On his first visit to Paderborn University, the new State Secretary of the North Rhine-Westphalia Ministry of Culture and Science (MKW NRW), Dr Dirk Günnewig, talked with members of the Executive Board and a number of the university’s researchers about the university and its research profile, including, in particular, Paderborn’s collaborative approach to research and teaching and to projects with external partners. Dr Günnewig was full of praise, stating: “The university is tackling key priorities for the future that address important issues for our society.”
The President of Paderborn University, Dr Birgitt Riegraf, gave the State Secretary an insight into the structures and core interests of the university’s five cross-faculty key research areas. “In addition to basic research, thanks to strong interdisciplinary links and funding from the state, we’re also able to engage in lighthouse projects, such as the International Research Centre for Photonic Quantum Computing and the Excellence Start-Up Centre,” she added by way of example.
Understanding synergies in the energy and transport transitions
Professor Thomas Tröster, Chair of the Institute for Lightweight Design with Hybrid Systems (ILH), presented the ‘New Mobility Paderborn’ (NeMo Paderborn) initiative, which recently gave rise to the association of the same name. Paderborn University and six other partners from industry and the public sector are among the founding members. The goal is to develop a climate-friendly, user-oriented networked concept for mobility in rural areas. Here, too, interdisciplinary thinking plays an important role. “If we’re to make progress in mobility research, we need to look at developments in energy systems, vehicles and the digital transformation as a whole,” explained project initiator Tröster. The vision is to create a model region for mobility in Germany, in co-operation with almost 80 partners from East Westphalia-Lippe.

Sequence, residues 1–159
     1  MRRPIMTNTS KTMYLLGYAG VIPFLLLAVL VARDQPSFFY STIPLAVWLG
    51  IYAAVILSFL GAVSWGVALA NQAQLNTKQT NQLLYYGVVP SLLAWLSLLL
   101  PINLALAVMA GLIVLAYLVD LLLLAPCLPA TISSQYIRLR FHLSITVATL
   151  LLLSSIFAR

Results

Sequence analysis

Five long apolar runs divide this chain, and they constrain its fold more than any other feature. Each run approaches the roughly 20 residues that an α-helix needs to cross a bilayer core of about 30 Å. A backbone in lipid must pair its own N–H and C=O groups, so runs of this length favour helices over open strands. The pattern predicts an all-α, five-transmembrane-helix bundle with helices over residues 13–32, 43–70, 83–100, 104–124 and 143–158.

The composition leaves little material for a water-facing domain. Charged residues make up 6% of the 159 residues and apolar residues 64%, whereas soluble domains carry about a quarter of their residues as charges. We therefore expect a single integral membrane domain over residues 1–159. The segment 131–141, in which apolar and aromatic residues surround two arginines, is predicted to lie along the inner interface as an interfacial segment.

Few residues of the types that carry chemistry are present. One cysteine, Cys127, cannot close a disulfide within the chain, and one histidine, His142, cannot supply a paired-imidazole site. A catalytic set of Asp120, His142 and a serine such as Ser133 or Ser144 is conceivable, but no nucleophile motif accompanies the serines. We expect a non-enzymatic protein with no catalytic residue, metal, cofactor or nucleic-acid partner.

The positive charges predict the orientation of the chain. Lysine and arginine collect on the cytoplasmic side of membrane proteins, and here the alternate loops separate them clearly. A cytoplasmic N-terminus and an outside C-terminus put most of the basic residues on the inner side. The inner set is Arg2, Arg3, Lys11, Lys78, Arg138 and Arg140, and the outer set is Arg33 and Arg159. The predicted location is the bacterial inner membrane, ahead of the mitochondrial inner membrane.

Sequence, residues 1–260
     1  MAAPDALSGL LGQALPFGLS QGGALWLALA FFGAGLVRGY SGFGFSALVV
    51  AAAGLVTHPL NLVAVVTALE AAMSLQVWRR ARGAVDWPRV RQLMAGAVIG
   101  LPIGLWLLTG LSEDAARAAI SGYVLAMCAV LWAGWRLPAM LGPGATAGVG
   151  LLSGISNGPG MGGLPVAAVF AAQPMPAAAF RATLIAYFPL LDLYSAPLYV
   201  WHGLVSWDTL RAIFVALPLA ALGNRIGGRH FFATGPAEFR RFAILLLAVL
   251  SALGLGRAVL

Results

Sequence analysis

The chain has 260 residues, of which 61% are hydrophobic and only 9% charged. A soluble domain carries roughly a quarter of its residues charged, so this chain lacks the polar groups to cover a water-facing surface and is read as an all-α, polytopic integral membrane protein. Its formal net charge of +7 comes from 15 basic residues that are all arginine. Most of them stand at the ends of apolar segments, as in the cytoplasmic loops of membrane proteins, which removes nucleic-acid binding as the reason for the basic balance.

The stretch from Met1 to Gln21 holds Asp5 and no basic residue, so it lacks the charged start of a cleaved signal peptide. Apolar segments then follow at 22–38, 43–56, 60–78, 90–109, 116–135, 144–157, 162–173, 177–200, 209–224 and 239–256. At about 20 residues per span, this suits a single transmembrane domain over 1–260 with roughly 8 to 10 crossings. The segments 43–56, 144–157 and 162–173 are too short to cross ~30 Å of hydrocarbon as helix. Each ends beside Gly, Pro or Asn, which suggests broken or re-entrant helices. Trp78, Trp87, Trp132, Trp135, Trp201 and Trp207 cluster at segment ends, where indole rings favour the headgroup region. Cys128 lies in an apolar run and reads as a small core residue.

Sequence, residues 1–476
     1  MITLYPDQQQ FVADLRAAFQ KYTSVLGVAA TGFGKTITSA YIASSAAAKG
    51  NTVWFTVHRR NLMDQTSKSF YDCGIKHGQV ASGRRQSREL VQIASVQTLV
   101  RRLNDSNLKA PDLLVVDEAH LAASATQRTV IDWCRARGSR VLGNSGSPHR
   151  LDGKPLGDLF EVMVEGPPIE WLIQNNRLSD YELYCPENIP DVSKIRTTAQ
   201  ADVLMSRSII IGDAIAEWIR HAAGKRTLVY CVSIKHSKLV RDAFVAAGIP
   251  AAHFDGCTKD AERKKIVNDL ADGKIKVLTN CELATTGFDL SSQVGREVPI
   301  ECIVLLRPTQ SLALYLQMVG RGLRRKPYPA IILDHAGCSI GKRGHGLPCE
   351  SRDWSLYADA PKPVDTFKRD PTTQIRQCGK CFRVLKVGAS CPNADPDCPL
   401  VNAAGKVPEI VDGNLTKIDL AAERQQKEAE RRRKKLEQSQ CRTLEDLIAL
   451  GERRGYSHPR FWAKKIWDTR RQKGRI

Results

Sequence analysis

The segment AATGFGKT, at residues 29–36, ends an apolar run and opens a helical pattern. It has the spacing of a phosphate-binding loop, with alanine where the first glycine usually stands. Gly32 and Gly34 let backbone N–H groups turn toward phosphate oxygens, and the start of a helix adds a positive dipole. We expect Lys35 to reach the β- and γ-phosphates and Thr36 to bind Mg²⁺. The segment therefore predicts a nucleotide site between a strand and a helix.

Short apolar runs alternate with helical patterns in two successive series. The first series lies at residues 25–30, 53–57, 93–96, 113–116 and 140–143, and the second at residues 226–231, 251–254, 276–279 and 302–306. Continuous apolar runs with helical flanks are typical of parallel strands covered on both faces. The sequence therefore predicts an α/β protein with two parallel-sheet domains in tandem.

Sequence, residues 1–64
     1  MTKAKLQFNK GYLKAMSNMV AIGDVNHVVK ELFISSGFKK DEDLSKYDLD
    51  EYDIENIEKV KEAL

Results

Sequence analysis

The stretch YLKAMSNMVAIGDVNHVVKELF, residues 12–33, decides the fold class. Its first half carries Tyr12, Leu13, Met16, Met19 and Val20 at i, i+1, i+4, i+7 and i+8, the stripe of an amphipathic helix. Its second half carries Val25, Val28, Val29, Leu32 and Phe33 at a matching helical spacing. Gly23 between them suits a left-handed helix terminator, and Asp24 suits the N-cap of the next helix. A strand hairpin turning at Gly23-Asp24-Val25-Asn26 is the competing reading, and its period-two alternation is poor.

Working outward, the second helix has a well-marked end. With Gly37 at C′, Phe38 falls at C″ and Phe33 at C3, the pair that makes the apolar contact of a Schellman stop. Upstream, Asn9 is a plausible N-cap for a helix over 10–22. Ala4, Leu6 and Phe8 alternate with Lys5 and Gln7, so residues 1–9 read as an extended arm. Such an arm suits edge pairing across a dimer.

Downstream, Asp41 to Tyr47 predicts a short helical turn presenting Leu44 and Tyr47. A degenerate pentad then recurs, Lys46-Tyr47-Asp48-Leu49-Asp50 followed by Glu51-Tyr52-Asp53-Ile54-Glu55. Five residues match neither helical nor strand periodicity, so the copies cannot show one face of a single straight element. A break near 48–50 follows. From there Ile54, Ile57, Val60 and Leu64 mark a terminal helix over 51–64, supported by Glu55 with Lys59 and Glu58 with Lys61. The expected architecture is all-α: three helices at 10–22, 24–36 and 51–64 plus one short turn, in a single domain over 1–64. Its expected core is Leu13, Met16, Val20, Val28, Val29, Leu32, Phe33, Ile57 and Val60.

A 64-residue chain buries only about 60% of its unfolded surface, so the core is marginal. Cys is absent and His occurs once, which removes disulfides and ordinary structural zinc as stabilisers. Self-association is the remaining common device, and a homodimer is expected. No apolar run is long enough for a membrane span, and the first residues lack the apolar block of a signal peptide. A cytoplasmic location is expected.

To make such a system accessible to as many people as possible, lower energy requirements and cost-effective vehicle systems are necessary – prerequisites that can be met with the help of lightweight design. Professor Mirko Schaper, Dean of the Faculty of Mechanical Engineering, gave Günnewig a tour of ILH’s design hall, which opened in 2019. The equipment here facilitates interdisciplinary research on sustainable materials, processes and products, one of Paderborn University’s five key research areas.
Multidisciplinary approach to artificial intelligence research
With his focus on ‘artificial intelligence’ (AI), Professor Axel-Cyrille Ngonga Ngomo from Paderborn’s Department of Computer Science is researching another future-relevant issue. Professor Ngonga Ngomo presented a variety of the university’s projects in this area to the State Secretary, detailing the criteria necessary for secure and reliable data processing. Linking different disciplines and collaborating with other universities and business partners also plays a central role here, whether in the ‘it’s OWL’ cluster of excellence, whose developments include a digital marketplace for AI applications, or the collaborative research centre/Transregio (TRR) 318 ‘Constructing Explainability’ on the subject of ‘The explainability of artificial intelligence’.